When I first started this incentive, I bought the raffle tickets from Walmart. Well, some future entrepreneurs found some of the same tickets and created their own little black market of sorts. Since I only give out 3 hallway and bathroom passes a quarter, some students were trading these fake tickets for extra passes, and others were trading for cookies and ice cream at lunch. Crazy!
To put an end to the counterfeit tickets, I started making my own. All I did was cut 1 inch squares out of yellow paper and stamp them with the special stamps I ordered from Amazon (it was the unicorn self inking set). I spent about an hour at the paper cutter after school one day making enough to last me for the quarter, and I kept them in a large bowl locked up in my cabinet. I would grab a handful and keep them in my pocket or close by throughout the day.
When the students earned a ticket, I told them to immediately write their name on the back, and save it until the drawing. This is a great lesson in responsibility and keeping up with stuff.
The amount of time you wait in-between ticket drawings is up to you. I usually start off with shorter amounts of time,1 week, and build to 3-4 week period between drawings. When you decide it’s time for a drawing, have the students turn all of their tickets into your bowl/bucket/box. If you’re a super cute teacher, you can even use your fancy Cricut to label your ticket collector!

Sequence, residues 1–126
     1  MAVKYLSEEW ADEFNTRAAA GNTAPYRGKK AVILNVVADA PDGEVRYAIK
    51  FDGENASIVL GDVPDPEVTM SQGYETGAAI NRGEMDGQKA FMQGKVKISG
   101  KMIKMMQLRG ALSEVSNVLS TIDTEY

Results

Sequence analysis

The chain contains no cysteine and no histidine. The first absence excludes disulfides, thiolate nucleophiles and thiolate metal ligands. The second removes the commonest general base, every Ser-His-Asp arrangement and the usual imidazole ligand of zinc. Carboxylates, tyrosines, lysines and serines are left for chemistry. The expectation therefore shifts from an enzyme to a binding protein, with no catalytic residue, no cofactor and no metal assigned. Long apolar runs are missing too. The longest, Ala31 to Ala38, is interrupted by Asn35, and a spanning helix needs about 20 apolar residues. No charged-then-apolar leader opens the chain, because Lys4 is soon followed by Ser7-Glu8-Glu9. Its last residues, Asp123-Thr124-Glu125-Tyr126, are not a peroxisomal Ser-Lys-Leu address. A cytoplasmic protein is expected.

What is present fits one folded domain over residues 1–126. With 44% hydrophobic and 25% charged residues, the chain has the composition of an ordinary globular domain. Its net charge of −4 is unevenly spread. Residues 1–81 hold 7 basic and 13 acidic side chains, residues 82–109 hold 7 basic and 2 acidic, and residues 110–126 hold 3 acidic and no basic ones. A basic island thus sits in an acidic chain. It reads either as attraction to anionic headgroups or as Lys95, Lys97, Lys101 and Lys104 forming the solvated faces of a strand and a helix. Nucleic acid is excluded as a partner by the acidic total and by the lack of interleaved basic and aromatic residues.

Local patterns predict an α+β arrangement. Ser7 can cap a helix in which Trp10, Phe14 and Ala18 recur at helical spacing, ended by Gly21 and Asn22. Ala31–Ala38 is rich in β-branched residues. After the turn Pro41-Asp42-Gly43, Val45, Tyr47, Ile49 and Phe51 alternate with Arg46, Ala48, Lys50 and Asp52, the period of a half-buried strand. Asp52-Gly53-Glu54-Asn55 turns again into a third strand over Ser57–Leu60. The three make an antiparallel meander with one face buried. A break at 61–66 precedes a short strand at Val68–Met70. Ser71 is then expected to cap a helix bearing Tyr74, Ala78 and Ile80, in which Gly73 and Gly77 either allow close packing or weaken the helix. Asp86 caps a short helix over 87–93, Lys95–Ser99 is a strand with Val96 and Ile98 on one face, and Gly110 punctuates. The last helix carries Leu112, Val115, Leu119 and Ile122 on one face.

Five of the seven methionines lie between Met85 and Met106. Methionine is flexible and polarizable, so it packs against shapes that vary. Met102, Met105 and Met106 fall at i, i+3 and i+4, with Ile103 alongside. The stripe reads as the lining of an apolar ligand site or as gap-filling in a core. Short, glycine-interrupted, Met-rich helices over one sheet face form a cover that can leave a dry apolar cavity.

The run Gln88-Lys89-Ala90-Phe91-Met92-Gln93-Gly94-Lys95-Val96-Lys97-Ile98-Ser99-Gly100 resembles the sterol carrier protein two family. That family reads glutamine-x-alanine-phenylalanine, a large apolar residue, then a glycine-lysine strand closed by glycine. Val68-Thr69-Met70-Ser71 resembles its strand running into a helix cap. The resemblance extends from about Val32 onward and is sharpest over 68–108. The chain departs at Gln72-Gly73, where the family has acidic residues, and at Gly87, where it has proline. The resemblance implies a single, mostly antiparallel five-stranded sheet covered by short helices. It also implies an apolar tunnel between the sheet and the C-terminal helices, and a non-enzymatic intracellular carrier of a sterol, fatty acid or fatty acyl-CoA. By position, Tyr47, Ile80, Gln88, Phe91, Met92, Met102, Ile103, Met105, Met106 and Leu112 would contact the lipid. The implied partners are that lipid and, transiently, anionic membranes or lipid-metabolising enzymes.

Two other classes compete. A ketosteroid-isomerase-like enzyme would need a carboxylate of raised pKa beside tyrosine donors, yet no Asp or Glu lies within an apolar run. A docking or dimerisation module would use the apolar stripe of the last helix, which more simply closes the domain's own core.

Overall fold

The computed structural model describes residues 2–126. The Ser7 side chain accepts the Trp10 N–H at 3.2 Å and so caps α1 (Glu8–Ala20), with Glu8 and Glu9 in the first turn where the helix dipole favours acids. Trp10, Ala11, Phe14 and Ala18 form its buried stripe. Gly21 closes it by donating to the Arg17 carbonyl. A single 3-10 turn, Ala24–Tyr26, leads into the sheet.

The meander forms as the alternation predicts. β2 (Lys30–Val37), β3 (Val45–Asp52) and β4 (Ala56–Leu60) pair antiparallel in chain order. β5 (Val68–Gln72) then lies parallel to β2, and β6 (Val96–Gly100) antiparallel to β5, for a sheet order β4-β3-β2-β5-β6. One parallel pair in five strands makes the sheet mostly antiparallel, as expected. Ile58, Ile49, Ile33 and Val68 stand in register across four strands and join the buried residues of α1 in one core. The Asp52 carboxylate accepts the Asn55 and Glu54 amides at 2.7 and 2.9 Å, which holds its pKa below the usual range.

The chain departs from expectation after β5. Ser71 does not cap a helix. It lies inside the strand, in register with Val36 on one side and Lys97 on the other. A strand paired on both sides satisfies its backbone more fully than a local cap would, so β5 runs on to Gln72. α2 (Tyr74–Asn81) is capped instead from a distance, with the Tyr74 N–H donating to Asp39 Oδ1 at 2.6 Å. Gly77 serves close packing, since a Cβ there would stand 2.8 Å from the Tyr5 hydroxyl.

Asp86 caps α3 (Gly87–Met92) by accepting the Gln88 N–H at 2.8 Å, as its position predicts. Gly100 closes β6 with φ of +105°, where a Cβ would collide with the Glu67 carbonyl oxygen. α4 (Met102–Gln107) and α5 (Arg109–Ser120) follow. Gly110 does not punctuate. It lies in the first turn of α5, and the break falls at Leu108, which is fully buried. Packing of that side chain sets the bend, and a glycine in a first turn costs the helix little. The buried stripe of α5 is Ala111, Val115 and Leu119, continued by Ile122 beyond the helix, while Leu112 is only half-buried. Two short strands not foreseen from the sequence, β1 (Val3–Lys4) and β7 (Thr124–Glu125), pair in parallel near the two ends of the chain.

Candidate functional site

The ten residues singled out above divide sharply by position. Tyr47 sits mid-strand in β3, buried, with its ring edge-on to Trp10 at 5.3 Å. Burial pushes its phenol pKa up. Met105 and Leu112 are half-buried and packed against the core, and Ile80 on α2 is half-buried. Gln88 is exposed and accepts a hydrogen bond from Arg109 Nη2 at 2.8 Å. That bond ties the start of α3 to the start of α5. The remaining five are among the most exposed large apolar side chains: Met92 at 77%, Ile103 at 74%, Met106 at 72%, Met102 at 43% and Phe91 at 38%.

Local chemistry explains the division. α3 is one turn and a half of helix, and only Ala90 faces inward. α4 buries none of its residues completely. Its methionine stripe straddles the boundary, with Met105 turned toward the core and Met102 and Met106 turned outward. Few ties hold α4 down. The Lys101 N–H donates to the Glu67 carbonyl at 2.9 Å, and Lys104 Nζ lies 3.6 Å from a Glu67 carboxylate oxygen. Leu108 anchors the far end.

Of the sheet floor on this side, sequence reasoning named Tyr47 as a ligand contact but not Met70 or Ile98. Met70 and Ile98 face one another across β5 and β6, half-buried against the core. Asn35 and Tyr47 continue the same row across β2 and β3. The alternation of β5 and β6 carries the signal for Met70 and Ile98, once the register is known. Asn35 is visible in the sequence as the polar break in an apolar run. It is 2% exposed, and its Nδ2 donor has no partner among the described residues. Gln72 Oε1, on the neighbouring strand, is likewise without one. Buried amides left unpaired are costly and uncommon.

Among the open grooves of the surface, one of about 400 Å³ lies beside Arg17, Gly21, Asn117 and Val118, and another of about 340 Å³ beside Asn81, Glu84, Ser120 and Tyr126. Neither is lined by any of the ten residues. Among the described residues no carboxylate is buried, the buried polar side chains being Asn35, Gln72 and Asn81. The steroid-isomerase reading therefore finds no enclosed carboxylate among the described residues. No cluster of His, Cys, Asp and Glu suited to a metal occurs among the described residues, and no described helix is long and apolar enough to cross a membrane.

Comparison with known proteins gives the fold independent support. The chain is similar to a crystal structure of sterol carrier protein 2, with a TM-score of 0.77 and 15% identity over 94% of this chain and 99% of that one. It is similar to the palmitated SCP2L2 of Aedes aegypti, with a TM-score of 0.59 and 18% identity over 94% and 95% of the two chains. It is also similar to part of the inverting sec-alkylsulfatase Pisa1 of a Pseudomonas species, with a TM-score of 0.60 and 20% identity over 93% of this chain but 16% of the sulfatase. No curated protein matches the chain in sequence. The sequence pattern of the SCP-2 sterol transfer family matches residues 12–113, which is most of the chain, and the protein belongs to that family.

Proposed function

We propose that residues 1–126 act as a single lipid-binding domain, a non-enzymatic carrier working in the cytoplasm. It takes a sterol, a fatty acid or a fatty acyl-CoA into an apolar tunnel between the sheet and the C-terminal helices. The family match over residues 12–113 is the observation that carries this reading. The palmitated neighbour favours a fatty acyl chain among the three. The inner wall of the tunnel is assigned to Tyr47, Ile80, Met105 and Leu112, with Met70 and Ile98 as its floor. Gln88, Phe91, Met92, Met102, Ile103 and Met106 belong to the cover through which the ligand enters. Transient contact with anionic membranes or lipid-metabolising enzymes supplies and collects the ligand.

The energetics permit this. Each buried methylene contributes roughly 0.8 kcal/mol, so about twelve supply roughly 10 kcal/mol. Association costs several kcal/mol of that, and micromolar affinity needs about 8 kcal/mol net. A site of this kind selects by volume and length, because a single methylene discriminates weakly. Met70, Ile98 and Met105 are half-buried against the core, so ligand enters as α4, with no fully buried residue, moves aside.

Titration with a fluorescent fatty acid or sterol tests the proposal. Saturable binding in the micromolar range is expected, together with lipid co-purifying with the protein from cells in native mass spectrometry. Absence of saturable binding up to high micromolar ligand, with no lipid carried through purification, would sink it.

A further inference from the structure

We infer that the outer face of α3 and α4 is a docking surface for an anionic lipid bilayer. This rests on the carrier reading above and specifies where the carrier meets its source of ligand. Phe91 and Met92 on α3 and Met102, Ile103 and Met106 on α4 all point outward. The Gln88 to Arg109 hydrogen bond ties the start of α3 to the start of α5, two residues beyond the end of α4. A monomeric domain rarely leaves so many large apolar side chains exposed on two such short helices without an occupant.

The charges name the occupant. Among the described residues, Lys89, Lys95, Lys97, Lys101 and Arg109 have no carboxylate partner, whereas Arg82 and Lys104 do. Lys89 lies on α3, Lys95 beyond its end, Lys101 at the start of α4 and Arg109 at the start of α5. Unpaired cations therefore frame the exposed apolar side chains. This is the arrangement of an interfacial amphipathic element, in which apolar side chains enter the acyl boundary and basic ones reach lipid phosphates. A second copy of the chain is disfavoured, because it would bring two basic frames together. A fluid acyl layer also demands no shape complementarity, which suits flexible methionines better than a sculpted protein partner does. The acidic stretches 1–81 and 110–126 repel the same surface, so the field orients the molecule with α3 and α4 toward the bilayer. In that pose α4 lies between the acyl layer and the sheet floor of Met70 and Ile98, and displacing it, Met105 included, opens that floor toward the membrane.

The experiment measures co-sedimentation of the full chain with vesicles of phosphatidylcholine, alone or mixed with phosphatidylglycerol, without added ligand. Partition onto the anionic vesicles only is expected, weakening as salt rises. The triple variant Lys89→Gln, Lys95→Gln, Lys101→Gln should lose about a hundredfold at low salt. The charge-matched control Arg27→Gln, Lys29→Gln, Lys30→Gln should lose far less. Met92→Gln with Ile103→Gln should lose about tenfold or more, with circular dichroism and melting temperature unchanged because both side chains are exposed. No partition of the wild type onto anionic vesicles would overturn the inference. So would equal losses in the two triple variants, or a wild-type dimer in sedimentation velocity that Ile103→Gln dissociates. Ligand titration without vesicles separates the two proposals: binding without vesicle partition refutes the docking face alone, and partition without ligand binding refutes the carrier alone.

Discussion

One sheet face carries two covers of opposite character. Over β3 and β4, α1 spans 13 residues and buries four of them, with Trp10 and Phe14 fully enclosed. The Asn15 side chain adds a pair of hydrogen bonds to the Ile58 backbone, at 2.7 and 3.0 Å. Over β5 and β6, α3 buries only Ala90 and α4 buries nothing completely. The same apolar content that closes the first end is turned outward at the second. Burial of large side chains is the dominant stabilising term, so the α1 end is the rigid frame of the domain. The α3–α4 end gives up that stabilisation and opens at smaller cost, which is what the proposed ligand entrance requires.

Have a grab bag of prizes ready. DO NOT LET YOUR STUDENTS SEE THE PRIZES! My prizes ranged from paper plates with an outline of my hand (it’s a high five whenever you feel like you need one) to dust bunnies I have found in popular teachers classrooms (yes, I really gave away dust in a bag and the students LOVED it.) to cans of Spam or pinto beans, to movie theater boxes of candy. Pull out the prize first and really play it up. This is key to get students excited about your random off the wall prizes like hangers and string! “Our first prize today is a bag of slightly used and broken crayons that will take you straight back to your carefree days of coloring!” Then pull out a ticket of the person who wins the prize. Watch the excitement unfold!
Well, I actually called this Kepley Kash, but that name probably won’t work for you. My co-teacher came up with the name Brain Bucks so she could use this incentive in her classroom.